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There is an interesting piece on software education and software development by Bjarne Stroustrup. It is particularly interesting to me in confirming my prejudices about the dangers of excessive dependency on libraries and architectures.

Discussion of dynamic (scripting) languages such as Python and TCL,  versus static (system programming) languages such as C++ and Java. A bit out of date, but still useful.

fm2x are not afraid of a little controversy. While we do use and build objects in our software, we use declarative and function programming when it is a better (i.e., simpler, more easily maintained) way of doing things. We are sceptical about any "cult" approach to software development, except the cult of getting the job done as quickly as possible without any bugs (yes, we said it ... no bugs, as in zero bugs, I mean absolutely none at all).

OO languages may not be more productive than procedural ones; a reputable paper

Well, since we've now poked our head out of the closet a bit, let me say that I have become increasingly sceptical about the long-term value of general purpose application frameworks such as Zope, Access, Oracle Forms and the like (probably Ruby on Rails). I have no quantitative evidence for this view but my personal experience is that these platforms allow one to get started quickly and work well up to a particular level of complexity. Eventually, however, "real" applications demand that one is forced to bend the "rules" of these frameworks until much of the time is spent fighting the framework rather than getting things done. The difference with fm2x is that the framework is not intended to be general purpose and it is very easy to drop in and out of it to get things done.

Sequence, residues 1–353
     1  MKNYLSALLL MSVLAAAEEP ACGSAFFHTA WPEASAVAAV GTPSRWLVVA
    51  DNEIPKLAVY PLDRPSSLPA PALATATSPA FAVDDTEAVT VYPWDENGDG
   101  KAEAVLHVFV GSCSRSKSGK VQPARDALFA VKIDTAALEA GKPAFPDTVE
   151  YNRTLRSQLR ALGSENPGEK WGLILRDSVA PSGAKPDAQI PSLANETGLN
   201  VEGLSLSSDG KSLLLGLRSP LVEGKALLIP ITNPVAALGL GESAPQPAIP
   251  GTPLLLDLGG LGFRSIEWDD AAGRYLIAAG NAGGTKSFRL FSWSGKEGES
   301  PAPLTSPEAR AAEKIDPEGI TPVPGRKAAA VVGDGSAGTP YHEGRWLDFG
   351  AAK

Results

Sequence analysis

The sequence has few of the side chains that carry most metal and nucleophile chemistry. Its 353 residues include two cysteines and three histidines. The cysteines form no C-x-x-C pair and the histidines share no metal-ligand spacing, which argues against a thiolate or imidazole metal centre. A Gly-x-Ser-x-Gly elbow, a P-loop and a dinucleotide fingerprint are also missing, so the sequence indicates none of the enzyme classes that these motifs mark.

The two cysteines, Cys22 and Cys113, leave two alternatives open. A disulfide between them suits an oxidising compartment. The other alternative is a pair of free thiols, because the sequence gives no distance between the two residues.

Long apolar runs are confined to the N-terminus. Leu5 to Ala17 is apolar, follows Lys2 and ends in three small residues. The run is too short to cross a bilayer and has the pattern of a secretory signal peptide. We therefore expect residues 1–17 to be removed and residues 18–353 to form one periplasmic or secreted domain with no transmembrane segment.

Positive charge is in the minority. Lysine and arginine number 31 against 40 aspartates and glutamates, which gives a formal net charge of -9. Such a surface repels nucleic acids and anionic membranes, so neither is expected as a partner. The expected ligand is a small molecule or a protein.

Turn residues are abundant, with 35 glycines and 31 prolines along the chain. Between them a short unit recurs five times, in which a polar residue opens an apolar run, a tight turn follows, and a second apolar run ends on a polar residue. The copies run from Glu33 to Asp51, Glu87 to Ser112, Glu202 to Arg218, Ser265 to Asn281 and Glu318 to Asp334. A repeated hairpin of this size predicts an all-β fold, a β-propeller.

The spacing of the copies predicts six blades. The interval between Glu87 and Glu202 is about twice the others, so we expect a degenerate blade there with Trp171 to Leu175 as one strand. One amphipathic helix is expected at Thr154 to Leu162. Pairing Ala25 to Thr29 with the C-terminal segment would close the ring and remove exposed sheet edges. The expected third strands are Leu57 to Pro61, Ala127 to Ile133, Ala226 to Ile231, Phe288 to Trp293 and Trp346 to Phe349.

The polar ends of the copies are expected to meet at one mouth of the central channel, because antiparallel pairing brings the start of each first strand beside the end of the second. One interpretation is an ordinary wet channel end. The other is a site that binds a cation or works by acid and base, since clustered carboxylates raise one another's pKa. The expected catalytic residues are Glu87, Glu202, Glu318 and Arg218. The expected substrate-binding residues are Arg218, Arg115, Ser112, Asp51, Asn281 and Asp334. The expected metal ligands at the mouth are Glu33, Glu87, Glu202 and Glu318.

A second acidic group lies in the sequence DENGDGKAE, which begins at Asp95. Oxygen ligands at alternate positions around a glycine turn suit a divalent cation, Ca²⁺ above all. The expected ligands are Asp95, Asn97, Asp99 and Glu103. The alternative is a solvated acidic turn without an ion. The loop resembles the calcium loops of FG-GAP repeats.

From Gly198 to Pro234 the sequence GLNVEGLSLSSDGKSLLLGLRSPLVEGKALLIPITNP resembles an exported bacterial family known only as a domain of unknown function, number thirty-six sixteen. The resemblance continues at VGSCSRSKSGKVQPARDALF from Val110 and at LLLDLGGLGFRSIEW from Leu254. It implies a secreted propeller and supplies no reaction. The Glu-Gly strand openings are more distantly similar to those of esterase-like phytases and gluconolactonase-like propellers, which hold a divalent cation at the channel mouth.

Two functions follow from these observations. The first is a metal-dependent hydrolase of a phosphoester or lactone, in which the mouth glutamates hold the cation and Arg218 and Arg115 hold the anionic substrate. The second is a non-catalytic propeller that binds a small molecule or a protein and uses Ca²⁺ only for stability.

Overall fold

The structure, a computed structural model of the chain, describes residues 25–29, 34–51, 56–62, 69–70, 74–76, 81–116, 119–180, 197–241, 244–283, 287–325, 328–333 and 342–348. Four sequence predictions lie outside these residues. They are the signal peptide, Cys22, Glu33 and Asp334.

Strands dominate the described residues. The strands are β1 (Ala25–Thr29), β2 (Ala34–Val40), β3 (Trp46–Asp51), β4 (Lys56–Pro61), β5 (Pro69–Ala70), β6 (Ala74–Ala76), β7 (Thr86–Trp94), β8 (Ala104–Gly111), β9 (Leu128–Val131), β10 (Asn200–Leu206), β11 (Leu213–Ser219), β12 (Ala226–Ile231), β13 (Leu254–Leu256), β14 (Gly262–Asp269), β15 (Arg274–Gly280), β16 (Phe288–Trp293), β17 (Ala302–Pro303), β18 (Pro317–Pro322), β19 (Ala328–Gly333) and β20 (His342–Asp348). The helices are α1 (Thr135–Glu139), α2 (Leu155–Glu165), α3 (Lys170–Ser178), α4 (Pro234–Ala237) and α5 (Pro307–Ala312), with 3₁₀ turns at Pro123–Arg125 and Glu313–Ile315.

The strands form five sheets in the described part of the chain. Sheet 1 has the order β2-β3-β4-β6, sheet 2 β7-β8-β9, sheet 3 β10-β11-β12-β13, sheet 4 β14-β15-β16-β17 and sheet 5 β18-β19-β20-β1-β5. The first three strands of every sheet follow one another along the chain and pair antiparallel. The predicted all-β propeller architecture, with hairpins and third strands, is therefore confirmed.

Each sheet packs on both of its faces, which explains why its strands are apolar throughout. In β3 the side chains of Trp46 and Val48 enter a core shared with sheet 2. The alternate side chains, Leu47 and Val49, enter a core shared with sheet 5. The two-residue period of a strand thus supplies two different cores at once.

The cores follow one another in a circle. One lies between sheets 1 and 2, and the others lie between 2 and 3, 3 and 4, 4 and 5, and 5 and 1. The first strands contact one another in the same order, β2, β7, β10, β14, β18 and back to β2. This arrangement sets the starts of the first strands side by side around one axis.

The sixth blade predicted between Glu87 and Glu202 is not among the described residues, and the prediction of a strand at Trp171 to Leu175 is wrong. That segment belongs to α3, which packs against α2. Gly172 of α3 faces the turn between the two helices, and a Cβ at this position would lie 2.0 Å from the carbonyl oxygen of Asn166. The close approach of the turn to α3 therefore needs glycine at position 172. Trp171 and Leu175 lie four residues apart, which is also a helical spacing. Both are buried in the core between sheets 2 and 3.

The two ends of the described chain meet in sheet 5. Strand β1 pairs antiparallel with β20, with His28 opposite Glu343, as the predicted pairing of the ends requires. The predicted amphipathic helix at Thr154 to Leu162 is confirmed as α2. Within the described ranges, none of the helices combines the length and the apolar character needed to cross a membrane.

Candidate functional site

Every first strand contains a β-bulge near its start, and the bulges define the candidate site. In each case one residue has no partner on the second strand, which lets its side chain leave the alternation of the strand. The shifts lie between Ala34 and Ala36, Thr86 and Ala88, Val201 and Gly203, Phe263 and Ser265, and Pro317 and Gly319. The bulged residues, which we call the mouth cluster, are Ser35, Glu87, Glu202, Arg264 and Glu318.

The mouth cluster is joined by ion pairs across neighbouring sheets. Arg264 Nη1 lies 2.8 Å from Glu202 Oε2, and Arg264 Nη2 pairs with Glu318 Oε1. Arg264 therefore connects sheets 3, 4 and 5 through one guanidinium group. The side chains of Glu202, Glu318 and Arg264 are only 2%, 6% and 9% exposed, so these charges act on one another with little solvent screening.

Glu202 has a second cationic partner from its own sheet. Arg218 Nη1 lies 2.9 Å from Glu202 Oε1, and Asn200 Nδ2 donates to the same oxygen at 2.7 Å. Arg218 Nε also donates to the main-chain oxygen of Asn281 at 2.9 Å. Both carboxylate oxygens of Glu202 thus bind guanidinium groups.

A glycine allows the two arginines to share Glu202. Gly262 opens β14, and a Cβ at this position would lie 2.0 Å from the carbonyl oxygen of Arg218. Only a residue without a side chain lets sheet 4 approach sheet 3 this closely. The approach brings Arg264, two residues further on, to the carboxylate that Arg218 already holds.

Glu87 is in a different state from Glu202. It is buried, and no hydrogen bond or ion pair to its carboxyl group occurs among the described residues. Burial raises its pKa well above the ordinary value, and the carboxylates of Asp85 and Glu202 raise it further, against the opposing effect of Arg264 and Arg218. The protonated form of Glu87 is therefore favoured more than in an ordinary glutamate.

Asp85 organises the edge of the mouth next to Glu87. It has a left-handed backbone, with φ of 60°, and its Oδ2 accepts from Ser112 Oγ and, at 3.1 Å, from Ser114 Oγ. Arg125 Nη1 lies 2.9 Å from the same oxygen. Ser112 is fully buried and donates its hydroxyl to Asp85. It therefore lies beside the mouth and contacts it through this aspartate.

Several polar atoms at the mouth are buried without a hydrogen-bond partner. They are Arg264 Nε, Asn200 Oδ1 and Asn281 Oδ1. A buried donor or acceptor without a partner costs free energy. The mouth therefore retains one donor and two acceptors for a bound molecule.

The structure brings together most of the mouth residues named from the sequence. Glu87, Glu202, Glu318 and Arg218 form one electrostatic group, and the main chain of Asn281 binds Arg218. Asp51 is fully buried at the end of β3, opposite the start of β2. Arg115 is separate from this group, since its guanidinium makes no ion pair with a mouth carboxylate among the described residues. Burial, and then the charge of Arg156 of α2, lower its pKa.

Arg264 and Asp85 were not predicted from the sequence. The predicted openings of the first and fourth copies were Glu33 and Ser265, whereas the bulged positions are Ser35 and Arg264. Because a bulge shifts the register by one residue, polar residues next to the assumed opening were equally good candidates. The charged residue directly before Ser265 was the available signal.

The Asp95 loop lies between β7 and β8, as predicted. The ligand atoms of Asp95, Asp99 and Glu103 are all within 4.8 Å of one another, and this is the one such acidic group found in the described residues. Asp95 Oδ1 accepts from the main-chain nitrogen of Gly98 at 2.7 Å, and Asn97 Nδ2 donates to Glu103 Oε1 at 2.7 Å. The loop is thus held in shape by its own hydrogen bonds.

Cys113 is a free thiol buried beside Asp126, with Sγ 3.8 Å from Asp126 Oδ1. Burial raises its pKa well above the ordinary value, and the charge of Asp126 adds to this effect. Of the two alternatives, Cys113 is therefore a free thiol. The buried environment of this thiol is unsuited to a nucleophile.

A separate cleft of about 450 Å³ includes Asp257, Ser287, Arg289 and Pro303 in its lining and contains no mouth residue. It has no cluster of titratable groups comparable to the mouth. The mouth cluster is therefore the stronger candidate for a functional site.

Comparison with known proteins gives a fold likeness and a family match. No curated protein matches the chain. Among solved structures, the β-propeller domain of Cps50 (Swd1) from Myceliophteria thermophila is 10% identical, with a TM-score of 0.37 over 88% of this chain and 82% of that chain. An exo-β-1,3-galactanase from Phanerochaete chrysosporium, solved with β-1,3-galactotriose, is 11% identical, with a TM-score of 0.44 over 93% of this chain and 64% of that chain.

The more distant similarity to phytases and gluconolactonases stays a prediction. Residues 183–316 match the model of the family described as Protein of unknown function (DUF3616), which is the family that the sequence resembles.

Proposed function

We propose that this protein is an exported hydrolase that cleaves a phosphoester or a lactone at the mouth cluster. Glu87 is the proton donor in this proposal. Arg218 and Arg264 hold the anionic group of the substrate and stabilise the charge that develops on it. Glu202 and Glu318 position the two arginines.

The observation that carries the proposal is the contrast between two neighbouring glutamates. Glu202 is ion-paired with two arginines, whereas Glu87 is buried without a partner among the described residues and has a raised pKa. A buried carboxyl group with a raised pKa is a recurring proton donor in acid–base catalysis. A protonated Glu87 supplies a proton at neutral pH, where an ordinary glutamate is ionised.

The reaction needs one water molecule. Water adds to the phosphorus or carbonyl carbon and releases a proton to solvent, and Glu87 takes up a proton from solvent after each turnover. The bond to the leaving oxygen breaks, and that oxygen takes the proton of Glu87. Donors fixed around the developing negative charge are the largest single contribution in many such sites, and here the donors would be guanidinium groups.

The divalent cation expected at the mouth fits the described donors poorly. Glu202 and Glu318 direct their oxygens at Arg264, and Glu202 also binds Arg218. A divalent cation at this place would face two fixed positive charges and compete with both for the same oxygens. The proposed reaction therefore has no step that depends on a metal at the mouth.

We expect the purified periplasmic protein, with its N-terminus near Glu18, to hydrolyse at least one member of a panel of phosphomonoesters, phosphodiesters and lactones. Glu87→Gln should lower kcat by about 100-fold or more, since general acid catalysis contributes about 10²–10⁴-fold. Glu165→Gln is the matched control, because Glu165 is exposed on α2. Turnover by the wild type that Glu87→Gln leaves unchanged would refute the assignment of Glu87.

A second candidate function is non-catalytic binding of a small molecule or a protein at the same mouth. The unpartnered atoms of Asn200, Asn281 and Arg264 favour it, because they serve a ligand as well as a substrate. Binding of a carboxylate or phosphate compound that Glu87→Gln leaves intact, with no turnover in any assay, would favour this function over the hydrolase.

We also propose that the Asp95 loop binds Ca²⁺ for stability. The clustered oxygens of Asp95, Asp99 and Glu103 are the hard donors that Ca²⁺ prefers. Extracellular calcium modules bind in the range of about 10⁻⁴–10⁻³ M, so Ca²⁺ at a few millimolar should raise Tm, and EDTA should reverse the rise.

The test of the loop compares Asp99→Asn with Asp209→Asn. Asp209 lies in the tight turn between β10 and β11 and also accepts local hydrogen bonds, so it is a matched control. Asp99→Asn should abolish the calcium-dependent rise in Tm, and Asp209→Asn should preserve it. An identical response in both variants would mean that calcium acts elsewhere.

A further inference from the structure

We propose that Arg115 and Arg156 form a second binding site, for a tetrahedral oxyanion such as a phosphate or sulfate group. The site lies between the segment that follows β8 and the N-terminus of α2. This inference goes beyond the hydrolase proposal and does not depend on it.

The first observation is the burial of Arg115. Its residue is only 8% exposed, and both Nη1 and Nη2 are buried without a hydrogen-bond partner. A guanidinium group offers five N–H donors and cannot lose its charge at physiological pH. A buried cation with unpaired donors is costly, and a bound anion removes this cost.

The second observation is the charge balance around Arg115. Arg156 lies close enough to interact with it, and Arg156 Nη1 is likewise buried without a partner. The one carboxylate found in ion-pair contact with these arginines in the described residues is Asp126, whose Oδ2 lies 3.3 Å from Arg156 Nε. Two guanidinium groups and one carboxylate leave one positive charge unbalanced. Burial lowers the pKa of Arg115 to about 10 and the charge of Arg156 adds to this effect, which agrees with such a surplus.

As is the case with most human activities, individual performance (good and bad) is highly variable. Say you think you're a pretty good amateur tennis player; would you be surprised if a world-class tennis player trashed you ten to one? You'd probably think yourself pretty hot if you managed to score a single point in a whole match. The same is true of systems developers; the best developers probably are ten times more productive (i.e., get it done ten times more quickly and with a tenth as many bugs) than the "average" developer. Convincing formal studies are not known to this author but there seems to be quite a few other developers out there of a similar opinion (
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